Oracle Scratchpad

November 28, 2014

Line Numbers

Filed under: Oracle,Performance,Troubleshooting — Jonathan Lewis @ 12:49 pm GMT Nov 28,2014

One of the presentations I went to at the DOAG conference earlier on this month was called “PL/SQL Tuning, finding the perf. bottleneck with hierarchical profiler” by Radu Parvu from Finland. If you do a lot of PL/SQL programming and haven’t noticed the dbms_hprof package yet make sure you take a good look at it.

A peripheral question that came up at the end of the session asked about problems with line numbers in pl/sql procedures; why, when you get a run-time error, does the reported line number sometimes look wrong, and how do you find the right line. I can answer (or give at least one reason for) the first part, but not the second part; Julian Dontcheff had an answer for the second bit, but unfortunately I failed to take a note of it.

Here’s the SQL to create, run and list a very simple (and silly) procedure.

rem
rem     Script:         source_test.sql
rem     Author:         Jonathan Lewis
rem     Dated:          Nov 2014
rem

define m_value = 3
set timing on

create or replace procedure silly
as
        m_n number;
begin
        for i in 1..1000000 loop
                m_n := exp(sqrt(ln(&m_value)));
        end loop;
end;
/

execute silly

list

Here’s the output I got from running this, and the thing I want you to note is the time it takes to run, and the line number reported for the assignment:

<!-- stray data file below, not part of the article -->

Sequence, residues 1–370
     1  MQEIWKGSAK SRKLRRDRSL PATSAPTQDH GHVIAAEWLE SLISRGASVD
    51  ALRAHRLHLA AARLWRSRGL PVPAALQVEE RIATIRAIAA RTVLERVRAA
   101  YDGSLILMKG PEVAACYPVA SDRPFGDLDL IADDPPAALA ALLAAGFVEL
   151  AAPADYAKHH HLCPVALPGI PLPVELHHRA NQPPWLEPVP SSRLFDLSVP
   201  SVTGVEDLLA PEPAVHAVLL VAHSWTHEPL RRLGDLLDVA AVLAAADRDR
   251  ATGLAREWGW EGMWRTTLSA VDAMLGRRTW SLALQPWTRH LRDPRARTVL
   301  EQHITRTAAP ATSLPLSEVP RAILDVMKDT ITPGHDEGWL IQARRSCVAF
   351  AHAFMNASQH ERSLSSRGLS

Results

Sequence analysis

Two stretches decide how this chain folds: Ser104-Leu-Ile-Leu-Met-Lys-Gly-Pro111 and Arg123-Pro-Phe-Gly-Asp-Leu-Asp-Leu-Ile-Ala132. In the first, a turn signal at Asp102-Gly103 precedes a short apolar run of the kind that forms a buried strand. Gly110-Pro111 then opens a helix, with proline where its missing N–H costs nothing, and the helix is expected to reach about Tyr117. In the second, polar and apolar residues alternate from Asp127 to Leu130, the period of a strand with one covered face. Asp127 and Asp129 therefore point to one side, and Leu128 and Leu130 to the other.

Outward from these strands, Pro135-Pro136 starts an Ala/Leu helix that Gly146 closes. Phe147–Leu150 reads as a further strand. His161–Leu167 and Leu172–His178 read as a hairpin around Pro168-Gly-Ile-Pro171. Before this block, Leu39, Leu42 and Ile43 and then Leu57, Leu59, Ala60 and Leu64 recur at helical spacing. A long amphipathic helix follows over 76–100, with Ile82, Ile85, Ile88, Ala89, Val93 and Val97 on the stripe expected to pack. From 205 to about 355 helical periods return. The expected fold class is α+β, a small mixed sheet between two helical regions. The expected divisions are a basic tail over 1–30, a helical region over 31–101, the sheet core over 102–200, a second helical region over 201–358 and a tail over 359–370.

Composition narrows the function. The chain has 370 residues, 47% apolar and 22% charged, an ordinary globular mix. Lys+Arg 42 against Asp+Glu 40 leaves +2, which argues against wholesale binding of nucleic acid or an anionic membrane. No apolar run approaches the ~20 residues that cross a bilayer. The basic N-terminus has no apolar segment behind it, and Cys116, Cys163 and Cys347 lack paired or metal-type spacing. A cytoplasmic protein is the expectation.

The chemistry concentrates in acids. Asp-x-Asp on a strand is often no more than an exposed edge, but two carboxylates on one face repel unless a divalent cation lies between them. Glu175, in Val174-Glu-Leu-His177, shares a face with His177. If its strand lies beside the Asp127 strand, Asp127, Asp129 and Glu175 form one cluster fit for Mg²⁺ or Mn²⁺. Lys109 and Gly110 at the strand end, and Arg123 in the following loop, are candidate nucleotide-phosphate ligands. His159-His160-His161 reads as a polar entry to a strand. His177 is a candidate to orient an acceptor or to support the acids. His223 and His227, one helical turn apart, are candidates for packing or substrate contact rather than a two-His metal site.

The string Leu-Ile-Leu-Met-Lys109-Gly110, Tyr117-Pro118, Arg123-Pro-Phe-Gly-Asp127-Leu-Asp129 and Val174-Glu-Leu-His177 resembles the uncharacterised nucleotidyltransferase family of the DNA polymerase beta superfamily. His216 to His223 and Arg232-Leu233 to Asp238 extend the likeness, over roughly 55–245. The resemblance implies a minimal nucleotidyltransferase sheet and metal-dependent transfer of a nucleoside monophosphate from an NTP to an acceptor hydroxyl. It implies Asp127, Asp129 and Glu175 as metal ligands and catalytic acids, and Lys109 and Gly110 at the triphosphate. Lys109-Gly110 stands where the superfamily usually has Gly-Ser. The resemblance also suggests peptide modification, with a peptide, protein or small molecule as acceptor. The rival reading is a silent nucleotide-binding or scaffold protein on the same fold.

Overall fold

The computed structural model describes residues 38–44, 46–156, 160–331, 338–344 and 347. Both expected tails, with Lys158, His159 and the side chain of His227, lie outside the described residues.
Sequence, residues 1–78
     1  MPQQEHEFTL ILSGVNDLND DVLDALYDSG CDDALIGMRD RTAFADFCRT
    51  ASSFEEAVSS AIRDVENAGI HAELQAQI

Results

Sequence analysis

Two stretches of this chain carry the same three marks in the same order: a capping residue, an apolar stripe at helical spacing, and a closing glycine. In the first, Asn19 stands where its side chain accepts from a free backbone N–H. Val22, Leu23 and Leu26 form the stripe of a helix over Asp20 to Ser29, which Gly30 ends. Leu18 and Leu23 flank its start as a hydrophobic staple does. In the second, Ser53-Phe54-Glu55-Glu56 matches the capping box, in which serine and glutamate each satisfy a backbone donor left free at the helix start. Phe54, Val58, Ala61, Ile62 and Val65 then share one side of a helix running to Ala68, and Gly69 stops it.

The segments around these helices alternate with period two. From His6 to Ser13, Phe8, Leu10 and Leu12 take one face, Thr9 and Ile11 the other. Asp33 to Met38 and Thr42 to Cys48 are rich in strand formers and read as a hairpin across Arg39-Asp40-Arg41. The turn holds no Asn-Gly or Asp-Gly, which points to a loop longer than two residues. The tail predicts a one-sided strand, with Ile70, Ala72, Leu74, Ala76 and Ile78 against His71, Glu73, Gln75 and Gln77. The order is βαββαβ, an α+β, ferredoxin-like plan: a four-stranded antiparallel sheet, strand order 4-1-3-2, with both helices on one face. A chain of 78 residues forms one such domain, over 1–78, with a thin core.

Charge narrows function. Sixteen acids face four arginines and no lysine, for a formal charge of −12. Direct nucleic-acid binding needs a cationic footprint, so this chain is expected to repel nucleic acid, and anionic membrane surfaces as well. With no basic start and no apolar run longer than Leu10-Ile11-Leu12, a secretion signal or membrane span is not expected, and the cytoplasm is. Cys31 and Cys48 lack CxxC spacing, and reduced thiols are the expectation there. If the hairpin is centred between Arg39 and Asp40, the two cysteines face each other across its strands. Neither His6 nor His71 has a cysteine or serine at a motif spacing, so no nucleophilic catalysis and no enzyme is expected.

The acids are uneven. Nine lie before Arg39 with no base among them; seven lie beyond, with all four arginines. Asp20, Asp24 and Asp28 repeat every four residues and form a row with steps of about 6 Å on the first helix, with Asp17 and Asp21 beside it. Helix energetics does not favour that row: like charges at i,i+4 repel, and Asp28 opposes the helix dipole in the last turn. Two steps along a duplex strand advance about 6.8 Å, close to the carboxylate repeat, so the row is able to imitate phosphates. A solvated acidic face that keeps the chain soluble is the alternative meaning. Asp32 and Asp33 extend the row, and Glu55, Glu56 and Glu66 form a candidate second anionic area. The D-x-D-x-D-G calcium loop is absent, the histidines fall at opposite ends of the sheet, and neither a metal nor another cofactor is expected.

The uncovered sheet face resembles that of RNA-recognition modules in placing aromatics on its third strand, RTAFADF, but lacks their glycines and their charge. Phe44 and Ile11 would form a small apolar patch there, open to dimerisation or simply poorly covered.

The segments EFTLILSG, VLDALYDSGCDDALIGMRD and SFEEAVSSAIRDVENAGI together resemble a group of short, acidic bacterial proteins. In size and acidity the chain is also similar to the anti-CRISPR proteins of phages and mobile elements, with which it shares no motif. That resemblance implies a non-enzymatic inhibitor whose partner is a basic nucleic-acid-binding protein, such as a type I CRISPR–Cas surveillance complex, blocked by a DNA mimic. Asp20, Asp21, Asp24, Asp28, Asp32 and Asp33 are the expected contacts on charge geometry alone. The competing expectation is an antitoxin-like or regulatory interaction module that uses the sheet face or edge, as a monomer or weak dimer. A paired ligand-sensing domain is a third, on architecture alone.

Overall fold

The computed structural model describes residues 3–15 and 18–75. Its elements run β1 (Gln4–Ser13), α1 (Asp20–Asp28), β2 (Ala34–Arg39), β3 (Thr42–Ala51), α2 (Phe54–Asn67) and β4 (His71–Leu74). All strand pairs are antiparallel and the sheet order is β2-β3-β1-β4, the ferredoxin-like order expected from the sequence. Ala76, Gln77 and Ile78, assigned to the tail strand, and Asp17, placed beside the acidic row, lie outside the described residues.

Procedure created.

Elapsed: 00:00:00.01

PL/SQL procedure successfully completed.

Elapsed: 00:00:00.00
  1  create or replace procedure silly
  2  as
  3          m_n number;
  4  begin
  5          for i in 1..1000000 loop
  6                  m_n := exp(sqrt(ln(&m_value)));
  7          end loop;
  8* end;

It seems to take my instance 0.00 seconds to perform 1,000,000 evaluations of the exponent of the square root of the natural logarithm of 3 at line 6 of the code. But let’s make two changes: first, let’s try that with the value -1 (which is a little careless if you know your logarithms).


Procedure created.

Elapsed: 00:00:00.02
BEGIN silly; END;

*
ERROR at line 1:
ORA-06502: PL/SQL: numeric or value error
ORA-06512: at "TEST_USER.SILLY", line 5
ORA-06512: at line 1

Notice that the 6502 error is reported at line 5, not line 6.

Now let’s go back to the value 3, but start the script with the command: alter session set plsql_optimize_level = 0; (the default level is 2, the range is 0 to 3):


Session altered.

Elapsed: 00:00:00.00

Procedure created.

Elapsed: 00:00:00.01
BEGIN silly; END;

*
ERROR at line 1:
ORA-06502: PL/SQL: numeric or value error
ORA-06512: at "TEST_USER.SILLY", line 6
ORA-06512: at line 1

Reducing the pl/sql optimisation level to zero (or one) results in the the error message reporting the problem at line 6 – which matches our original code. So let’s check the effect of running the code at level zero with a valid number for the input.


Session altered.

Elapsed: 00:00:00.00

Procedure created.

Elapsed: 00:00:00.02

PL/SQL procedure successfully completed.

Elapsed: 00:00:24.56


The run time for our pl/sql call has gone up from 0.00 seconds to 24.56 seconds.

Like all good compilers the pl/sql compiler had recognised (at level 2) that we were assigning a constant inside a loop, so it had (effectively) rewritten our code to move the assignment outside the loop, effectively swapping lines 6 and 5, storing the change in the “object” level code, but not in the database copy of the source. The benefit we get (from the default settings) is a saving of 25 seconds of CPU, the (small) penalty we pay is that the lines reported for run-time errors aren’t always going to identify the text that caused the problem.